The block copolymer obtained is dissolved in cyclohexane and reprecipitated in ethyl alcohol, filtered and dried to constant weight. The final block copolymer has an intrinsic viscosity [i ]=0.91 dl./g. and a vinylphenyldimethylsilane content of 19.2% by weight.

We claim:

1. Elastomeric block copolymers of the general formula A-BA in which block A is a polymer of a vinyltriorganosilane of the general formula wherein R is selected from the group consisting of alkyl with 1 to 4 carbon atoms and phenyl, with an average molecular weight from 5,000 to 200,000 and a glasstransition temperature from 100 C. to 180 C., and block B is a polymer of a conjugated diene selected from the group consisting of butadiene and isoprene, with an average molecular weight from 15,000 to 500,000 and a glasstransition temperature lower than 20 C.

2. Elastomeric block copolymers as claimed in claim 1 wherein R represents identical radicals.

3. Elastomeric block copolymers as claimed in claim 1, wherein R represents different radicals.

4. Elastomeric block copolymers as claimed in claim 1, wherein block A is a polymer of a vinyltrimethylsilane with an average molecular weight from 5,000 to 200,000.

5. Elastomeric block copolymers as claimed in claim 1 wherein block A is a polymer of vinylphenyldimethylsilane with an average molecular weight from 5,000 to 200,000.

6. Elastomeric block copolymers as claimed in claim 1, wherein block A is a polymer of vinylethyldimethylsilane with an average molecular weight from 5,000 to 200,000.

7. Elastomeric block copolymers as claimed in claim 1, wherein block A is a polymer of vinylbutyldimethylsilane with an average molecular weight from 5,000 to 200,000.

8. Elastomeric block copolymers as claimed in claim 1, wherein block A constitutes 10-50% by weight of the block copolymer.

9. Elastomeric block copolymers as claimed in claim 1, wherein block B is 1,4-cis-polybutadiene with a 1,4-cis content higher than 10. Elastomeric block copolymers as claimed in claim 1, wherein block B is 1,4-cis-polyisoprene with a 1,4-cis content higher than 80%.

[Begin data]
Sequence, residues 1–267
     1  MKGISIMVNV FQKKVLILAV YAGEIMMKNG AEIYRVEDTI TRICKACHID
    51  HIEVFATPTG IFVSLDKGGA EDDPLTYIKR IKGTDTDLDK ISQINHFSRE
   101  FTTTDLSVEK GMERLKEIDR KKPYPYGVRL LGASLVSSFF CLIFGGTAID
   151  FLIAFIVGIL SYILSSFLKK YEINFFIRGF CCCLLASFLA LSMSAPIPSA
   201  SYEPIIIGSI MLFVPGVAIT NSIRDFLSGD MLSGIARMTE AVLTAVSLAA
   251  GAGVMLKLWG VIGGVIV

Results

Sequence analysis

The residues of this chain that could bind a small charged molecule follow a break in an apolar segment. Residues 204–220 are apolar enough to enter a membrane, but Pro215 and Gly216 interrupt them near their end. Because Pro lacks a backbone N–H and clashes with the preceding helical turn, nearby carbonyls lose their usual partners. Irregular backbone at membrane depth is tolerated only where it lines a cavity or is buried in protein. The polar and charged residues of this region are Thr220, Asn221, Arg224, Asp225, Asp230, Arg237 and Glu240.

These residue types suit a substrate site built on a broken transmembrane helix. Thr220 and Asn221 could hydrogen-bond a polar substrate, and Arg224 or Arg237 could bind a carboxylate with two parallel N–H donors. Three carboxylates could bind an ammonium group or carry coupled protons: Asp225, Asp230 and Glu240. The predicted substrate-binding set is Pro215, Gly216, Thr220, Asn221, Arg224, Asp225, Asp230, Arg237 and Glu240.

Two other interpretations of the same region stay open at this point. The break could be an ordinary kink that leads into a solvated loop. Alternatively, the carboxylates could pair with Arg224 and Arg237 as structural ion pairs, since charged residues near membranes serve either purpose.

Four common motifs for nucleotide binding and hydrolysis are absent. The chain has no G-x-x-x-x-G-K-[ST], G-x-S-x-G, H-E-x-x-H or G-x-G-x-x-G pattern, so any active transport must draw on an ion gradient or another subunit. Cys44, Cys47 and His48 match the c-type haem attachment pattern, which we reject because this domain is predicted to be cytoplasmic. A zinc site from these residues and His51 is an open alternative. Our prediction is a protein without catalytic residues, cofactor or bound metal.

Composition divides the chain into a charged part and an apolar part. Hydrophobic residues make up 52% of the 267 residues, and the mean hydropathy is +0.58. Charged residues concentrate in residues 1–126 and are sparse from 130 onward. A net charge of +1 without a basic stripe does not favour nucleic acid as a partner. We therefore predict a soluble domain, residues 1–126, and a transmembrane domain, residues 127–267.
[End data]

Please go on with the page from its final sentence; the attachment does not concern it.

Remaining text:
11. Elastomeric block copolymers of the general formula ABA wherein block A is a copolymer of styrene and a vinyltriorganosilane of the general formula wherein R is selected from the group consisting of alkyl with 1 to 4 carbon atoms and phenyl, with an average molecular weight from 5,000 to 200,000 and a glasstransition temperature from C. to C. and block B is a polymer of a conjugated diene selected from the group consisting of butadiene and isoprene, with an average molecular weight from 15,000 to 500,000 and a glasstransition temperature lower than 20 C.

12. Elastomeric block copolymers as claimed in claim 11, wherein R represents identical radicals.

13. Elastomeric block copolymers as claimed in claim 11, wherein R represents different radicals.

14. Elastomeric block copolymers as claimed in claim 11 in which block A is a copolymer of vinyltrimethylsilane and styrene with an average molecular weight from 5,000 to 200,000.

15. Elastomeric block copolymers as claimed in claim 11 in which block A is a copolymer of vinylphenyldimethylsilane and styrene with an average molecular weight from 5,000 to 200,000.